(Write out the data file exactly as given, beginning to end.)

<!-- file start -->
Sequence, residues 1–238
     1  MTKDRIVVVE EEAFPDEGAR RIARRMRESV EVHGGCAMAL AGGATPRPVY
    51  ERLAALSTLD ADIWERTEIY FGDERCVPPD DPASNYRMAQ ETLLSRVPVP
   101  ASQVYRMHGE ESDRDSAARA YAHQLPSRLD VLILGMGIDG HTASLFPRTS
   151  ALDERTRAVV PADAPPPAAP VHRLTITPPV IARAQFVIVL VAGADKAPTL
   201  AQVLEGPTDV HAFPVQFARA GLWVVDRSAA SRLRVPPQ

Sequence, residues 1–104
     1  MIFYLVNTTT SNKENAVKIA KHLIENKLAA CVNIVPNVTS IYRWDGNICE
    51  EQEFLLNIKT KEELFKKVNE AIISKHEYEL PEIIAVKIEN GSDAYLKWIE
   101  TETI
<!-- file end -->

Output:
Sequence, residues 1–238
     1  MTKDRIVVVE EEAFPDEGAR RIARRMRESV EVHGGCAMAL AGGATPRPVY
    51  ERLAALSTLD ADIWERTEIY FGDERCVPPD DPASNYRMAQ ETLLSRVPVP
   101  ASQVYRMHGE ESDRDSAARA YAHQLPSRLD VLILGMGIDG HTASLFPRTS
   151  ALDERTRAVV PADAPPPAAP VHRLTITPPV IARAQFVIVL VAGADKAPTL
   201  AQVLEGPTDV HAFPVQFARA GLWVVDRSAA SRLRVPPQ

Sequence, residues 1–104
     1  MIFYLVNTTT SNKENAVKIA KHLIENKLAA CVNIVPNVTS IYRWDGNICE
    51  EQEFLLNIKT KEELFKKVNE AIISKHEYEL PEIIAVKIEN GSDAYLKWIE
   101  TETI